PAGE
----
• Sim FPS - The simulator frame rate. This should now always be the same as the physics frame rate - 45.0 when things are running well.
  • Physics FPS - The frame rate that the physics engine is running at. This should normally be at or near 45.0.
  • Agent Updates/Sec - The rate at which agents on this simulator are being updated. Normally 20 updates a second, this will decrease if the simulator has a large number of agents on it.
  • Main Agents - The number of agents (users) who are on this simulator.
  • Child Agents - The number of agents who are not on this simulator, but can see it.
  • Objects - The total number of objects/primitives on the simulator
  • Active Objects - The number of moving and/or changing objects on the simulator.
  • Active Scripts - The number of running scripts that are currently on the simulator, including scripts attached to agents.
  • Script Perf - Number of LSL opcodes being executed a second by the simulator. Note that this is the number of ACTUAL instructions executed in the * last second, not the theoretical maximum opcodes/second. If your simulator is not running very many scripts, this number will be low even if performance is good.
  • Packets In - UDP packets being received by the simulator
  • Packets Out - UDP packets being sent by the simulator
  • Pending Downloads - Number of asset downloads to the simulator that are pending. If this is greater than 1, this means that you may see delays in viewing notecards or scripts, and rezzing objects.
  • Pending Uploads - Number of current uploads of asset data pending. If this number is non-zero, this means that there may be performance issues when attempting to teleport.

The following are the different times listed in the Simulator/Time(ms) submenu of the statistics pane:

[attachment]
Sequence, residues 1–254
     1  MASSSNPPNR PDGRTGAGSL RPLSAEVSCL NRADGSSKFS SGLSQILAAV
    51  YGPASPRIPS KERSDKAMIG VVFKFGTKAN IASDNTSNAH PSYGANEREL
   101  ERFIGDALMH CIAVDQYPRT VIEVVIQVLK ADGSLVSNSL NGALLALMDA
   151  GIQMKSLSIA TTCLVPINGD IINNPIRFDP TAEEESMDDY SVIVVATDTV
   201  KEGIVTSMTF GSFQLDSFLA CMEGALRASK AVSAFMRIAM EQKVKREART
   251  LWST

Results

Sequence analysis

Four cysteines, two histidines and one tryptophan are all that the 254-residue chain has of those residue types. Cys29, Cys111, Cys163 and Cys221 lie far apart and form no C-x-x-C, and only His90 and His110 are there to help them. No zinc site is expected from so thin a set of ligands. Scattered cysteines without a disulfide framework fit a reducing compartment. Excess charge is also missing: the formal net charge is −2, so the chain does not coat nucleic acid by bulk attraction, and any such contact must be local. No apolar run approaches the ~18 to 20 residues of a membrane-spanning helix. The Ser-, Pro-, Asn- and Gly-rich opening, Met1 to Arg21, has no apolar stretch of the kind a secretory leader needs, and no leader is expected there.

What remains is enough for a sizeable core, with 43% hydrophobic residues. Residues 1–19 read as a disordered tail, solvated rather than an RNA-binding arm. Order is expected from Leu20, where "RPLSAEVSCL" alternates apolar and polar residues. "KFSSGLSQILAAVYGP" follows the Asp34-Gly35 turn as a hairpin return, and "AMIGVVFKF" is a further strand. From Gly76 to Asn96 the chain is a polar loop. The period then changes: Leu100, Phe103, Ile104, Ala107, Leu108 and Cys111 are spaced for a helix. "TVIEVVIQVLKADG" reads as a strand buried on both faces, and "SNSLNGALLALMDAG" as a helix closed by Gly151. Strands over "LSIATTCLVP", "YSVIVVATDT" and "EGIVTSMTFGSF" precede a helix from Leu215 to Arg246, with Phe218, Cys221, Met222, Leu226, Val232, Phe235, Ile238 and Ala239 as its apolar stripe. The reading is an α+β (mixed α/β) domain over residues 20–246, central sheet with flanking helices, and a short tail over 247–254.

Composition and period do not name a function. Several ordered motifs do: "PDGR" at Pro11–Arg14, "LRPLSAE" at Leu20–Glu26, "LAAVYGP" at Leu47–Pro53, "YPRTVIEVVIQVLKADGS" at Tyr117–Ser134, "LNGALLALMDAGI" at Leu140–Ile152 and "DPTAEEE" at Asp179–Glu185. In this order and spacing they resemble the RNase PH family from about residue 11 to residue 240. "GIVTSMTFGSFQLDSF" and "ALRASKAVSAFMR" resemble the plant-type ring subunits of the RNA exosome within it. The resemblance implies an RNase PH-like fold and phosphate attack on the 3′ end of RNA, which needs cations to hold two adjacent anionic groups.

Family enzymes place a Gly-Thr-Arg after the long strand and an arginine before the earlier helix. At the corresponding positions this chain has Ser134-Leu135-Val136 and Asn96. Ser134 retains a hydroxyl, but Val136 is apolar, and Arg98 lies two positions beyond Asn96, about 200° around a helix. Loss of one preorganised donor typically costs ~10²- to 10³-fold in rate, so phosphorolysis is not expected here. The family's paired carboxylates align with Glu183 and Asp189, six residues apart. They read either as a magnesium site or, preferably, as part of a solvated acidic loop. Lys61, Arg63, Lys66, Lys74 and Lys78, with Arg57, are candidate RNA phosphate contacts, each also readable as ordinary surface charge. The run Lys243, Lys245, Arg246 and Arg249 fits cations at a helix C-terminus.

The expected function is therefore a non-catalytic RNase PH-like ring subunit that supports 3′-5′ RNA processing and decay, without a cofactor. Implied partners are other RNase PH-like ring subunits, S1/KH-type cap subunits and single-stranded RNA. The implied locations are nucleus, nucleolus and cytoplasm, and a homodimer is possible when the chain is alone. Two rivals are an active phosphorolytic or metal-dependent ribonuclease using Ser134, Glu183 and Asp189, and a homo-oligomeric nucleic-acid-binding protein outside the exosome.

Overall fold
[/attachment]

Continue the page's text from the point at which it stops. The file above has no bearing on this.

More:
• Total Frame Time - This measures how much time it takes the simulator to run everything that the simulator is trying to do each frame.
  • < 22 ms - the simulator is healthy, everything is running as fast as it can, and more scripts can be added without reducing the performance of individual scripts.
  • approx. 22 ms - the simulator is healthy, but there are probably a lot of scripts and agents on the simulator, meaning that script execution is being slowed down in order to maintain the simulator frame rate.
  • > 22 ms - the simulator is experiencing severe load, either due to physics or a large number of agents, such that even by slowing down script execution it is impossible to compensate. The simulator frame rate has been reduced as a result.* Net Time - The amount of time spent responding to incoming network data.
  • Sim Time (Physics) - The amount of time that frame spent running physics simulation. In general, this should be less than 5 milliseconds.
  • Sim Time (Other) - The amount of time that frame spent running other simulation (agent movement, weather simulation, etc.)
  • Agent Time - The amount of time spent updating and transmitting object data to the agents.
  • Images Time - The amount of time spent updating and transmitting image data to the agents.
  • Script Time - The amount of time spent running scripts.